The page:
|The first excerpt represents the element of Air. It speaks of mental influences and the process of thought, and is drawn from The Mansion by Henry van Dyke:
not far from a road in a strange land.
The road was not a formal highway, fenced and graded. It was
a great travel-trace, worn by thousands of feet passing across
the open country in the same direction. Down in the valley,
into which he could look, the road seemed to form itself
gradually out of
many minor paths; little footways coming across the meadows,
winding tracks following along beside the streams, faintly marked
emerging from the woodlands. But on the hillside the threads
|The second excerpt represents the element of Fire. It speaks of emotional influences and base passions, and is drawn from Mistress Wilding by Rafael Sabatini:
House?" he echoed. The more he saw of this odd wedding, the less he
understood of it. It seemed to the placid old gentleman that he was
fallen among a parcel of Bedlamites. "Surely, sir, it is for Mistress
Wilding to say whither she will be driven," and he drew in his head and
turned to Ruth for her commands. But, bewildered herself, she had none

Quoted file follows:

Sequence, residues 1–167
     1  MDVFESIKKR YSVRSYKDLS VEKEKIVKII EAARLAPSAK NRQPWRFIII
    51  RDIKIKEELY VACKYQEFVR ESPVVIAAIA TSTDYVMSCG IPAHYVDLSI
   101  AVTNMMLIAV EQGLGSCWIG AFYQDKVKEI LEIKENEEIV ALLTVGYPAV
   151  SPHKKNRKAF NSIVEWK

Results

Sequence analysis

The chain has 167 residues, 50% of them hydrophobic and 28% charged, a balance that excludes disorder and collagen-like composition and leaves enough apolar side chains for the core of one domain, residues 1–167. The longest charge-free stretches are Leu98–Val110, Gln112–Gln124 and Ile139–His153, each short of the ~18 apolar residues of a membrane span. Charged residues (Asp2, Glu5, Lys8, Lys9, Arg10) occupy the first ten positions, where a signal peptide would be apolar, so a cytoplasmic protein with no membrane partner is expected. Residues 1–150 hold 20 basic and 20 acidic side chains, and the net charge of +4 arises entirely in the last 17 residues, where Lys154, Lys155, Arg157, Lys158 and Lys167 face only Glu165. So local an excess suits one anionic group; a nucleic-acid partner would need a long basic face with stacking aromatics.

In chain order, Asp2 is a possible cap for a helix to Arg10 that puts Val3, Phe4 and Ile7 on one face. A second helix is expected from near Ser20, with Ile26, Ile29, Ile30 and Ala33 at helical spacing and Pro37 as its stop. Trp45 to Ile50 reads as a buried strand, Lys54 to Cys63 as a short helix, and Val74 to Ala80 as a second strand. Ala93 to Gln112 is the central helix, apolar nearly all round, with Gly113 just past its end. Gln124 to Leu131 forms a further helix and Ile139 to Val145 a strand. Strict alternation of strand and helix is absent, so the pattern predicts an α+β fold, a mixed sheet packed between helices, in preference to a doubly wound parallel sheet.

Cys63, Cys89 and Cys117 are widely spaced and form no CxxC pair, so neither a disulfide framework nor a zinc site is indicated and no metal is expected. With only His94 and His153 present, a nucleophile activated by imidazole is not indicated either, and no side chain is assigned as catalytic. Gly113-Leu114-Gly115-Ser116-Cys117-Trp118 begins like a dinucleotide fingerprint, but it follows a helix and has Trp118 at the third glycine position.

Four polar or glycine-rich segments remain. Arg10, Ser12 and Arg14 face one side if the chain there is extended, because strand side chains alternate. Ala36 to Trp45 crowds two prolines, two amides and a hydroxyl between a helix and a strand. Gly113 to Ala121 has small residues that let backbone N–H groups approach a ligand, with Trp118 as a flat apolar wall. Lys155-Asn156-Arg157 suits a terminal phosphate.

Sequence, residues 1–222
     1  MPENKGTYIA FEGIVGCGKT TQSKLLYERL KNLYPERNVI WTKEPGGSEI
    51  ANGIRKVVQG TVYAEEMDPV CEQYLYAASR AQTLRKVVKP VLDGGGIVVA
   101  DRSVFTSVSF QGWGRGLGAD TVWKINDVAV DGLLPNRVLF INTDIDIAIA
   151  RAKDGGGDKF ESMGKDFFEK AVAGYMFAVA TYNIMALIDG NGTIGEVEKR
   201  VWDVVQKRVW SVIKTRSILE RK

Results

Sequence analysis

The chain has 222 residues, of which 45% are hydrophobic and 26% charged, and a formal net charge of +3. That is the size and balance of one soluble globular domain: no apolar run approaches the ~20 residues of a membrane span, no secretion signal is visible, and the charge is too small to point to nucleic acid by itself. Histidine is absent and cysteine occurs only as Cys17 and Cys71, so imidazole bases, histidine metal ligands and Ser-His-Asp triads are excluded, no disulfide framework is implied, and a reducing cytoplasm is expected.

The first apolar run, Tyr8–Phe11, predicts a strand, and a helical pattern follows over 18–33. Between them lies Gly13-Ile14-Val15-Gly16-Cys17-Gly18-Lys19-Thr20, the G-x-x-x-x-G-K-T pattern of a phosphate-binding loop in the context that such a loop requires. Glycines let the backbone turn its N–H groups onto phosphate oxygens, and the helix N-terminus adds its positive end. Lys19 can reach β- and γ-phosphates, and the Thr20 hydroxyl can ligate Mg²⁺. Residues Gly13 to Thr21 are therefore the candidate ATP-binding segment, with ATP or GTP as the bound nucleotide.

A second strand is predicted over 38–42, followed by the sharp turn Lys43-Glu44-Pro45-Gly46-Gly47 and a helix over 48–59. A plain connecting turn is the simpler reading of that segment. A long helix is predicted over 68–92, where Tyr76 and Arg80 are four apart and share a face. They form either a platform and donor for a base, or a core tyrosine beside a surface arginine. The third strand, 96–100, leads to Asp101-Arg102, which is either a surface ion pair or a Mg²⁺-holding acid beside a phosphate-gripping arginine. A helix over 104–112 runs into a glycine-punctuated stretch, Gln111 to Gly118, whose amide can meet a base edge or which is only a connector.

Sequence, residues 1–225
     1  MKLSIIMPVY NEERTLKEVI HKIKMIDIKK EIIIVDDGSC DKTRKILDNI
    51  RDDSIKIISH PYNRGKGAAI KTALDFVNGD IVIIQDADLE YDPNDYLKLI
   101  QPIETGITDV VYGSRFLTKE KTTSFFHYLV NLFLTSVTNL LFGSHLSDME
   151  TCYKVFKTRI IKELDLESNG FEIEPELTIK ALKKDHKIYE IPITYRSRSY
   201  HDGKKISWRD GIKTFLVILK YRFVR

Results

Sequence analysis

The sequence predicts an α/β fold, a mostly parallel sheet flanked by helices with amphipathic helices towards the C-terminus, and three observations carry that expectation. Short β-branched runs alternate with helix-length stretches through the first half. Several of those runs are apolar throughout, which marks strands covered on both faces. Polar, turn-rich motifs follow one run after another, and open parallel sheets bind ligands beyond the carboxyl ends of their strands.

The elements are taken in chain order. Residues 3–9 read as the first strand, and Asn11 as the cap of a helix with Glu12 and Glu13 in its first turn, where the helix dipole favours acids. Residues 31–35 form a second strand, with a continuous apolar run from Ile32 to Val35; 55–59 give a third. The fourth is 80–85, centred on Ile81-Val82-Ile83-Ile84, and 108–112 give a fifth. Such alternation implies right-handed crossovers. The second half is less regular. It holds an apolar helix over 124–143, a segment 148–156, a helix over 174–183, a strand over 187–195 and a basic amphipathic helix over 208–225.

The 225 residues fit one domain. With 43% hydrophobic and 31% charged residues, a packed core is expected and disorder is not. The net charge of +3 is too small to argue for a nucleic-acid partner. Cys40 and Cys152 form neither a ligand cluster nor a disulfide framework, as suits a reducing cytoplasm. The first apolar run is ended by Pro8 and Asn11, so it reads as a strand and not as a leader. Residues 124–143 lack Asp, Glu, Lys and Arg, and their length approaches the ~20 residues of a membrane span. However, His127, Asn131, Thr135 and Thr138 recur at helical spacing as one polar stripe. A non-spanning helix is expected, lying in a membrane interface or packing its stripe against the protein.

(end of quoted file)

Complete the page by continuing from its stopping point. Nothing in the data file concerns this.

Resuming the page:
to give him. It was her turn to lean from the carriage window to ask
her brother what he meant.
"I mean you are to drive home again," said he. "There is something
I must tell you. When you have heard me it shall be yours to decide
whether you will proceed or not to Zoyland Chase."
Hers to decide? How was that possible? What could he mean? She
|The third excerpt represents the element of Water. It speaks of pure spiritual influences and feelings of love, and is drawn from Chronicles of the Canongate by Walter Scott:
that of a cowherd, to ask counsel about your conduct? Your
father asked none, save of his courage and his sword."
"Dearest mother," answered Hamish, "how shall I convince you that
you live in this land of our fathers as if our fathers were yet
living? You walk as it were in a dream, surrounded by the
phantoms of those who have been long with the dead. When my
father lived and fought, the great respected the man of the
strong right hand, and the rich feared him. He had protection
from Macallum Mhor, and from Caberfae, and tribute from meaner
men. [Caberfae--ANGLICE, the Stag's-head, the Celtic designation
for the arms of the family of the high Chief of Seaforth.] That
|The fourth excerpt represents the element of Earth. It speaks of physical influences and the impact of the unseen on the visible world, and is drawn from The Symposium by Xenophon:
the largest number," whilst the others still maintained, "Without a
And Socrates, remarking, "That proposition is agreed to also," thus
proceeded: And if further he were able to make them pleasing to the
whole community, should we not have found in this accomplished person
Clearly so (they answered with one voice).
Soc. If then a man had power to make his clients altogether pleasing;
that man, I say, might justly pride himself upon his art, and should
by rights receive a large reward?
 Or, "he deserves to do a rattling business," "to take handsome